You always made a big deal out of my birthday. There would always be a party, and you would always bake a cake and dance with the neighbours, swinging the women round in your strong arms, twirling little girls and drinking beer with the men. As I got older, you would always phone early and wake me up.
That’s how I knew that something was up, before Mum called me and told me. It was my birthday, and you hadn’t phoned at 6am. Mum phoned at midday.
“He’s dead, isn’t he?”
She’d found you on the sofa that morning. Cold cup of tea balanced on the arm, cigarette burnt down to the butt in the ashtray in front of you. You’d been dead for hours. Almost twelve by the time I found out. She hadn’t wanted to tell me, hadn’t wanted to ruin my birthday and make it the day you died. But it was always going to be that day, no matter how long she tried to put it off for.
The funeral passed in a blur. Crematorium. Pub. Club. You’d always been the one who would encourage everyone to remember the good times. Jake tried to do that for you, to step up to be you but your shoes were too big. Mum had pulled out one of your old suits for him, quickly taken it up and in. I couldn’t believe my son was almost as big as you. It didn’t seem right.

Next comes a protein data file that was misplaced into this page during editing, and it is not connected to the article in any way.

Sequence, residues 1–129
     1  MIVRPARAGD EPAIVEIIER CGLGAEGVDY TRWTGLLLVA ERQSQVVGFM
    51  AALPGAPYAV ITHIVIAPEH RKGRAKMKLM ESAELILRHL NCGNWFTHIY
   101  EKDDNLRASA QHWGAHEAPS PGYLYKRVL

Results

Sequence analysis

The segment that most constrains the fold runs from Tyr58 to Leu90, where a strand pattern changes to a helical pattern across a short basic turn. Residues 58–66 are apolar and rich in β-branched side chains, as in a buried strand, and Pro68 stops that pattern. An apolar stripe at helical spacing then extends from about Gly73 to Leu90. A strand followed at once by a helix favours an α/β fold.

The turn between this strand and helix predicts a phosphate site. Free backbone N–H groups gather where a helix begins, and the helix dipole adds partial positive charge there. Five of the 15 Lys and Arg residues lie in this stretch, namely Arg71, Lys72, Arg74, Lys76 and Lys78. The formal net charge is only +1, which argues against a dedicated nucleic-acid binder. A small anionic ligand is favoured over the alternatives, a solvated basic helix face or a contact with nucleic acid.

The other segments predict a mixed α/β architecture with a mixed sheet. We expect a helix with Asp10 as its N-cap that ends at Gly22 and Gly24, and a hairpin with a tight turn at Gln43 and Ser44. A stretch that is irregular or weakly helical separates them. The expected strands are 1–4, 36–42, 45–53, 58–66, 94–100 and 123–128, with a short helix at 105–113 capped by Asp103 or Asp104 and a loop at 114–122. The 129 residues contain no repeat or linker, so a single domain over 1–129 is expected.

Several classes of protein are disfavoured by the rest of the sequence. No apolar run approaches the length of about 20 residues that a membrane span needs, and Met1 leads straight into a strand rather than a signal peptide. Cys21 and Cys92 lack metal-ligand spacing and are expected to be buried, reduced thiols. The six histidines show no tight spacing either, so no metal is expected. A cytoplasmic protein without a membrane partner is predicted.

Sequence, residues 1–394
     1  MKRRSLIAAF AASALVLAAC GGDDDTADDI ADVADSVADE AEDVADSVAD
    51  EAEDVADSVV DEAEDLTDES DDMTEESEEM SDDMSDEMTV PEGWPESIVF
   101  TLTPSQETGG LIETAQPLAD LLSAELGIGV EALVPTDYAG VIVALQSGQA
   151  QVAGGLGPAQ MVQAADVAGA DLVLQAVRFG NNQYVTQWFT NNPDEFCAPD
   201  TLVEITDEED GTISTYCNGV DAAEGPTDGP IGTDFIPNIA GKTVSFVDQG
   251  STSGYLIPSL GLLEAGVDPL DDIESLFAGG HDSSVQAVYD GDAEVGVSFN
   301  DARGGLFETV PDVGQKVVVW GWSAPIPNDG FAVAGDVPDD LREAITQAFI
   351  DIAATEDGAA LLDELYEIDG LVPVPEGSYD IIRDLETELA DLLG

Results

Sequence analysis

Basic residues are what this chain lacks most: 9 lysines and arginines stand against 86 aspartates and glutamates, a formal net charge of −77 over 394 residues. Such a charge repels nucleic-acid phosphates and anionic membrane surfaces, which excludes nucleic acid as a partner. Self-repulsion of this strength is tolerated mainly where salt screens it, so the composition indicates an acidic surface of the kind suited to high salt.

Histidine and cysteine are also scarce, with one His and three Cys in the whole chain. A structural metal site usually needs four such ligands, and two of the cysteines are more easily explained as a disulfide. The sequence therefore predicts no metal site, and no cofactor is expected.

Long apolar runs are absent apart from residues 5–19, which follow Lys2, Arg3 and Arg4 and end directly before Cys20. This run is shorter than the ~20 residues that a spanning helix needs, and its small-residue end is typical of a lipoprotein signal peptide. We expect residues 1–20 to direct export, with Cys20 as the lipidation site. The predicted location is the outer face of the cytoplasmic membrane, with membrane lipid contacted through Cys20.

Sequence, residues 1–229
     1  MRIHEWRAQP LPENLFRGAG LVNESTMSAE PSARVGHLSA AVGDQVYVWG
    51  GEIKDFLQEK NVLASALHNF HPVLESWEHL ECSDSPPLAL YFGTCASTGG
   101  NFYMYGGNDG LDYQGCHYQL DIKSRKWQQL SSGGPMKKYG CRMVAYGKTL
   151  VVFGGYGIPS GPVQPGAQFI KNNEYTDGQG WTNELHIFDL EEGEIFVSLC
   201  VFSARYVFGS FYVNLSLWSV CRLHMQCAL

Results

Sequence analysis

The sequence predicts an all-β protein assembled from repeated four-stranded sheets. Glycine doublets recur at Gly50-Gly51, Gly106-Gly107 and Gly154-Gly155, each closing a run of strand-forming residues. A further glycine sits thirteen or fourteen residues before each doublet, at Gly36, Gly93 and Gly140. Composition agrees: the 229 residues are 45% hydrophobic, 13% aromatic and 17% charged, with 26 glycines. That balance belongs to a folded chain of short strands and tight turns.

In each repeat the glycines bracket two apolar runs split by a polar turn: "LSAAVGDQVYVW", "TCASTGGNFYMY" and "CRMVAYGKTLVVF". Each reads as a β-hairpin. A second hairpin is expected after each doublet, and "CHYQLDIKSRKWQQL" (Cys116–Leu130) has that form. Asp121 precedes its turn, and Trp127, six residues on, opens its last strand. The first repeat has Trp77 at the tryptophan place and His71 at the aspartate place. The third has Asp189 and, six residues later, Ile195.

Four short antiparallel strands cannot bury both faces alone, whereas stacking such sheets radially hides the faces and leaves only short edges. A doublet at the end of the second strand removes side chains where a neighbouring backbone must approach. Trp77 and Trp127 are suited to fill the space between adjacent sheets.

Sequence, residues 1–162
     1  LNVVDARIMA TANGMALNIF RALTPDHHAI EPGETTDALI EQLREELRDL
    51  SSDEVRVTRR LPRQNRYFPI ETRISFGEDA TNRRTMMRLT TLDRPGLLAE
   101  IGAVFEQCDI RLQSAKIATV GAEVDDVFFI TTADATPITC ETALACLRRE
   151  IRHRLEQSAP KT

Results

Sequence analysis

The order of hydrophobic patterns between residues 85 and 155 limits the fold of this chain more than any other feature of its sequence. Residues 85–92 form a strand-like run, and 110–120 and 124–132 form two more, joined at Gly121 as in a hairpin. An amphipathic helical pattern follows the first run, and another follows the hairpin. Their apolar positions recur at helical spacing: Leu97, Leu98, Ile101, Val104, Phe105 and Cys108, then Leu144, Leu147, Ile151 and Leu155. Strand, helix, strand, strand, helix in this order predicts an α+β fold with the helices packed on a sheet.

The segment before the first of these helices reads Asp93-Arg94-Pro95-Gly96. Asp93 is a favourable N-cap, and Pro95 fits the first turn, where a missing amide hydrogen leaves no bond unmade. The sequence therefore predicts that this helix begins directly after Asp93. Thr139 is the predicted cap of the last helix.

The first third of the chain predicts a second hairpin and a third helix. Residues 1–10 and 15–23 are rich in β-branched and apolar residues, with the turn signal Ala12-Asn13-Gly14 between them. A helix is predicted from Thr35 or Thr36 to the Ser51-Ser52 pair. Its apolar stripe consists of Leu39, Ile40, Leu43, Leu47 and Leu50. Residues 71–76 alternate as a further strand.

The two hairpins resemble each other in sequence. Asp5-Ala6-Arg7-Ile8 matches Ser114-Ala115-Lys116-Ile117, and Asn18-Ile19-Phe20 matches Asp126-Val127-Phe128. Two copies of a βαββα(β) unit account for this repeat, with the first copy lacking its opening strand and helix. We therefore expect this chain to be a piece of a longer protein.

Afterwards, I drank your best Merlot and went through your things. Mum was asleep so it was just me, on my own with your memories. I heaved boxes down from the loft, knowing Mum would struggle on her own and really thinking I was helping. I thought that I would finally get to know a bit more about you. About the family you never spoke of, of your past before you met Mum and had me.
The box, when I found it, just looked like any old box. It didn’t have any taped warning, no signs, “no do not open”. So I opened it. And nothing, at first, old photos of you when you were a child – oh, you looked like Jake! Your mother was an austere looking woman, all drawn face and high necked dress. And you had a brother. I never knew this. A letter you’d written home when you were in the army, postcards from far away places. Nestled in between all these things, a single, faded newspaper cutting.
‘Local man charged with murder’ and a photo. Of you. ’Gerald Rafferty, 21, of Heddon Street, was today found guilty –‘
I woke Mum up.
“Did you know?” I asked. She shook her head.
“He was 43 when I met him, he seemed so wordly. I was just 19. I didn’t think to ask what he’d been doing, and by the time I did, it just didn’t seem right.”
I sat on your bed and sobbed quietly.
“Oh, Pandora,” she said.